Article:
Thursday, May 30, 8:00 a.m.-9:00 a.m.
Social Media Update: Strategic Uses for Global Student Affairs
Social media represents an ever-changing set of tools, challenges, and opportunities. This session includes a review of the latest trends, sites, and services. Additionally, participants will learn strategies for successful implementations. Find out why Google Plus, Instagram, Sina Weibo, and YouTube are just as important as Facebook and Twitter.
Eric Stoller is a higher education thought-leader, consultant, writer, and speaker. He frequently gives keynotes on how administrators can use social media strategically and is a proponent for teaching students about digital identity development. With a background in student affairs, academic advising, wellness, technology, and communications, Stoller focuses his energies on educating clients and captivating audiences. He can be found online and on Twitter.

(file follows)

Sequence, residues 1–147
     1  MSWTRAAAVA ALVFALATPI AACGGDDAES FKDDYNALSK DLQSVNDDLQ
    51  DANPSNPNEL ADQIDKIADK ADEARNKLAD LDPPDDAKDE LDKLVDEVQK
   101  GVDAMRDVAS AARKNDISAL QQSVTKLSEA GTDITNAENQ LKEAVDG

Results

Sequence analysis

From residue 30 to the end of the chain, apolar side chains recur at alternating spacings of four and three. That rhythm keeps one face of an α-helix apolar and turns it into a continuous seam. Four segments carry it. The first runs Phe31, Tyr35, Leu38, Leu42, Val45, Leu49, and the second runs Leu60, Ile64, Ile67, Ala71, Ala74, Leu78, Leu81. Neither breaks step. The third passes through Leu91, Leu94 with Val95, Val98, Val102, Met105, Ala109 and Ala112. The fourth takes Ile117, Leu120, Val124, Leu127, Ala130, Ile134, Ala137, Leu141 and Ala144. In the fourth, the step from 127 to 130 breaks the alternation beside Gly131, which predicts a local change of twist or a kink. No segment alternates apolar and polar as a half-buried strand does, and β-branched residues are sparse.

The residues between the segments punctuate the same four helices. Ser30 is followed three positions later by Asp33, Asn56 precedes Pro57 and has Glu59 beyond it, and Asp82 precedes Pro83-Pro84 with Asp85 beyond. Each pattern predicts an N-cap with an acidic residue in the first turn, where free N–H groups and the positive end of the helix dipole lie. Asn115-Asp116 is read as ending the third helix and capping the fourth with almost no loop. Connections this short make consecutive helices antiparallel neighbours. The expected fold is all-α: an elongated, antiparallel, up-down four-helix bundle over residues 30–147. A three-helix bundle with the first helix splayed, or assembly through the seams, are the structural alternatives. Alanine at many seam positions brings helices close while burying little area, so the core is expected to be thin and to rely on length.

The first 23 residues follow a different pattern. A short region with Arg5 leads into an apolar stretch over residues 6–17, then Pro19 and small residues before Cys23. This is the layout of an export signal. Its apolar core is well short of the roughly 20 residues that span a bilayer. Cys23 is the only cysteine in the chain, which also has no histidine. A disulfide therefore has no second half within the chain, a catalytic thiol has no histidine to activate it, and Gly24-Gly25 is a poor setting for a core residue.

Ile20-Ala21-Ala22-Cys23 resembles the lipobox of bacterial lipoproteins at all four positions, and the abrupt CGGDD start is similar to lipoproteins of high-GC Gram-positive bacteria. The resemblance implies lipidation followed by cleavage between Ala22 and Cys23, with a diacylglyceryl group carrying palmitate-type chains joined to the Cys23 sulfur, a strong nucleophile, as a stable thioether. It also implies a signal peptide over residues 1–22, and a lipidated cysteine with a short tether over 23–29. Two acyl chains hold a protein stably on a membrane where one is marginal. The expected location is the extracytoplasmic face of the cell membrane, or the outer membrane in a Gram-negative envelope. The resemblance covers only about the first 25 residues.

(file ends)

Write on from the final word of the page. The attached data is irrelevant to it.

Wednesday, May 29, 1:15 p.m.-2:15 p.m.
The Arab Awakening and Middle East Unrest
The Arab Spring and continuing unrest in the Middle East represent an unpredictable puzzle of events that has far-reaching implications. A renowned expert on the Middle East, Shibley Telhami speaks on current affairs in this critical region and will share highlights of his research on Arab and American public opinions, providing key insight to national narratives and events.
Shibley Telhami, PhD, is the Anwar Sadat professor for peace and development at the University of Maryland-College Park, and nonresident senior fellow at the Saban Center at the Brookings Institution. He previously taught at Cornell University, The Ohio State University, the University of Southern California, Princeton University, Columbia University, Swarthmore College, and the University of California-Berkeley, where he received his doctorate in political science.